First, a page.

Danged if you do, danged if you don't
The overall impression I received from attending "Smart Grid Boot Camp" at the IEEE PES 2010 conference here in New Orleans was a fervent wish that I don’t get sent to the front lines.
While news of progress on the standards and interoperability front, delivered by EnerNex Chairman Erich Gunther, seemed reassuring, several speakers delivered dire warnings about the pitfalls of pursuing the smart grid.
You gotta do it, but oh man it’s gonna be difficult to grasp the end game in order to take the most efficient route, according to the panel’s speakers. And that end game is a doozy to get your arms around.
The afternoon’s most eloquent speaker, Wayne Longcore, director of architecture and standards for Consumers Energy, dubbed his talk "Smart Grid 101." But for a utility audience that is somewhat akin to Rip Van Winkle, awakening from a long slumber to the new digital marketplace, it might have been dubbed "Wakeup Call 101." (Yes, yes, the transmission system has been smart for decades, got it.)
The market – all the end users and their disparate electricity needs – will be the tail that wags the dog, according to Longcore’s view. And that means it’s increasingly likely that companies – nay, brands – at the periphery of your vision, now sometimes referred to by utility folks as "the Googles," as if there really were more than one, will soon be wagging the dog, too.
For instance, Longcore mentioned the iPhone, which today has become not just a mobile Internet device, but a symbol of disruptive technologies with unpredictable influence on human behavior and social interaction. Well, in a few years, a mobile Internet device is going to be the remote control for consumers’ homes – not just the "remote" for your critical loads such as heating and cooling, but the entire digitized home, from lighting to entertainment to cat food dispensers. And the "Googles" will be having the electric utilities for lunch. (My perspective.) Perhaps because these folks are just a little further along in data analytics.
Data analytics: the Next Big Thing, as the firehose gets turned on without proper preparation, a notion I’ve heard from many quarters recently.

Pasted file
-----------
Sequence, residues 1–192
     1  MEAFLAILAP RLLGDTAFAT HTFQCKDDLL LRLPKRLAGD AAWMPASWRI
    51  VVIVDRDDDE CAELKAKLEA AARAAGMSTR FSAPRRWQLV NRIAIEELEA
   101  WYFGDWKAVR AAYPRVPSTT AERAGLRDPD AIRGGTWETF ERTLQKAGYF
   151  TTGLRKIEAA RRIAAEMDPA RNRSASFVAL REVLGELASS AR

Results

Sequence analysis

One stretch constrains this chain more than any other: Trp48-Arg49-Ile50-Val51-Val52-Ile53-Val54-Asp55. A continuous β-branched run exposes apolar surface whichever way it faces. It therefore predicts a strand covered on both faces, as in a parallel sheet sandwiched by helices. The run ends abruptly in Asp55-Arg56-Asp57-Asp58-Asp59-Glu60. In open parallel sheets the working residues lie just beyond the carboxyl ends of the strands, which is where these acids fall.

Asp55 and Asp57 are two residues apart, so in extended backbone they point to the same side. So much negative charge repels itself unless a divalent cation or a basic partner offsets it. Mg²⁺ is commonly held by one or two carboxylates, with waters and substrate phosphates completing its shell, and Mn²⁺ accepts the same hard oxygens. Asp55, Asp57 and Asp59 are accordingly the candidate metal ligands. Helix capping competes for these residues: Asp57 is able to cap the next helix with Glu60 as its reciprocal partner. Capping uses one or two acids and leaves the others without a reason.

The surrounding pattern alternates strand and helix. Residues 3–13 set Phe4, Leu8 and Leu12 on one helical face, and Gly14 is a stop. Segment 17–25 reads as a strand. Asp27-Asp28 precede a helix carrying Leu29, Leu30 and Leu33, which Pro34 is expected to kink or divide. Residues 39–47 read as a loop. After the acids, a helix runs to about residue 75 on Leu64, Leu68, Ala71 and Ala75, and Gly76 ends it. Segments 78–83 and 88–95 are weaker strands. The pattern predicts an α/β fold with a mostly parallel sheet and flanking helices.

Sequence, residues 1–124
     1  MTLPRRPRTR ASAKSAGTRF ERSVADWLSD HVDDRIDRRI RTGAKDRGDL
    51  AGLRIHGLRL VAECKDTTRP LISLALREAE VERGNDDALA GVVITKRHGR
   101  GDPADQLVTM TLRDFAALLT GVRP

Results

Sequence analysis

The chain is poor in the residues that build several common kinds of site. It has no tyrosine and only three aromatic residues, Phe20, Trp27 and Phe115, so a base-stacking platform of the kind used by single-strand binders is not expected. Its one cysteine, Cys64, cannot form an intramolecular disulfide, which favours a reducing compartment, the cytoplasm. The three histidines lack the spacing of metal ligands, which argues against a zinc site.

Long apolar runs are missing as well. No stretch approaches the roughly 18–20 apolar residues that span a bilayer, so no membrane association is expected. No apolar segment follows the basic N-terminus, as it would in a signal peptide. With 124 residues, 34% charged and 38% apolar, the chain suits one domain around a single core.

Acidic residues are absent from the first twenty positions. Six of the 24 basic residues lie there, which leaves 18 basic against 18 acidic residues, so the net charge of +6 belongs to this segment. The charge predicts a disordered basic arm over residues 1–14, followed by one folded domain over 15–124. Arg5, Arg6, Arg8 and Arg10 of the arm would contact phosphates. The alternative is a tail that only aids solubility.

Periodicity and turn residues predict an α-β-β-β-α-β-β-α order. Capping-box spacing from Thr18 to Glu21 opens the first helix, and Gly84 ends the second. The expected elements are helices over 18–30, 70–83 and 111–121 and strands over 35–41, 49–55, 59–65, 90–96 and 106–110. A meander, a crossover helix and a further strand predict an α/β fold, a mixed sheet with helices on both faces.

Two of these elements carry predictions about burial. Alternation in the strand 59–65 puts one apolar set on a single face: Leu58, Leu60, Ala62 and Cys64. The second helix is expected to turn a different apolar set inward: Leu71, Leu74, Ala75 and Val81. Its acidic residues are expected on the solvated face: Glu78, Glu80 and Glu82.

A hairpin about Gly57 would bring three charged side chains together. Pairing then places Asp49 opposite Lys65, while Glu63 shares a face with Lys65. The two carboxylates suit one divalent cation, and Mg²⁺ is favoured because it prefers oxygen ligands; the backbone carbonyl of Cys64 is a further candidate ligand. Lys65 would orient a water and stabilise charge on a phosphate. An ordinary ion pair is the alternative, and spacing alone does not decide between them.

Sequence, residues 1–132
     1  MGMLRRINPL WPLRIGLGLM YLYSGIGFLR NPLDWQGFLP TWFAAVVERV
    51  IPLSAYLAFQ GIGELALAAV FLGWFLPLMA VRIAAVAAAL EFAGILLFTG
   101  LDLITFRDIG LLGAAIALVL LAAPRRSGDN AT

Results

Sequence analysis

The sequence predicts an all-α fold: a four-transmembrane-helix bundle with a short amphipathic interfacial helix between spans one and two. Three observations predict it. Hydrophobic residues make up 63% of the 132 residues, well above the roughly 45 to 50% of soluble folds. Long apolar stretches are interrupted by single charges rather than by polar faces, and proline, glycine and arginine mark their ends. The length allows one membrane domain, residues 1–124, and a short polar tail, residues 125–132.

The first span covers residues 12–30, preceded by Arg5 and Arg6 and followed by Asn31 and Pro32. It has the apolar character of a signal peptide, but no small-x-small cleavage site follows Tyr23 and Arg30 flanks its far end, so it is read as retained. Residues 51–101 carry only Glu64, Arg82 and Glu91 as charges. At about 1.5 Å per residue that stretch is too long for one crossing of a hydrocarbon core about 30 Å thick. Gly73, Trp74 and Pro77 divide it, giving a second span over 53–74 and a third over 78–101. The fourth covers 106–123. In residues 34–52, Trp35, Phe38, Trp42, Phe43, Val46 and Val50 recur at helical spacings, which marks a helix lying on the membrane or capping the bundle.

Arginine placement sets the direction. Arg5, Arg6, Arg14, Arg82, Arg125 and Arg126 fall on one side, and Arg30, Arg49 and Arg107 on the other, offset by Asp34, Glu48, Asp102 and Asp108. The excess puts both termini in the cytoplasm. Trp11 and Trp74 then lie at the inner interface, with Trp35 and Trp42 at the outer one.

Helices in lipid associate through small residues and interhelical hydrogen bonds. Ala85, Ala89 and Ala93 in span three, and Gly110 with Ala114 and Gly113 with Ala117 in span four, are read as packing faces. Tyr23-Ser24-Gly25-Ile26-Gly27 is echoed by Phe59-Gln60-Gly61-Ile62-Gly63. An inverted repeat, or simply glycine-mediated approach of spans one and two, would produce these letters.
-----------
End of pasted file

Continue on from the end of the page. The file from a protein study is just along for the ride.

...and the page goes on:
I’d say partner up now or risk losing your identity and any real leverage you have over future relationships with your customers. Your consumer-level customers don’t really know you and they don’t really care. By the time you have reached out for that warm, fuzzy relationship you imagine is still yours to enjoy, consumers will have said "yes" to "the Googles."
Meanwhile, vendors are attempting to breach the castle walls, in Longcore’s view. His remark that, "if a vendor’s lips are moving, they’re probably lying," may drive home the point – caveat emptor – to utility managers. But can that really be a constructive addition to the conversation? Personally, I get the impression that many vendors (percentage of the total, of course, completely unknown) are really offering serious, bread-and-butter solutions. In fact, I know that’s true.
On the other hand, Longcore’s statement that the smart grid is only "a means of managing the sale of food to robots" certainly bears further scrutiny. Of course, all he’s saying here is that intelligence on the grid feeds electricity to the end-user devices in our homes and businesses that require it to produce useful work. But Longcore ignored that the robots will be feeding the grid, too.
In the end, the cumulative effect of all the dire warnings delivered at "Smart Grid Boot Camp" made the ensuing journey sound lengthy and fraught with peril – in short, as it probably will be.
Perhaps even longer than the walk from one end of the Ernest N. Morial Convention Center to the other, with one exception: the Morial Center’s most notorious days seem to be behind it. If all this sounds dark, you can thank the boot camp crew – and that’s what boot camp is all about, right?
Intelligent Utility Daily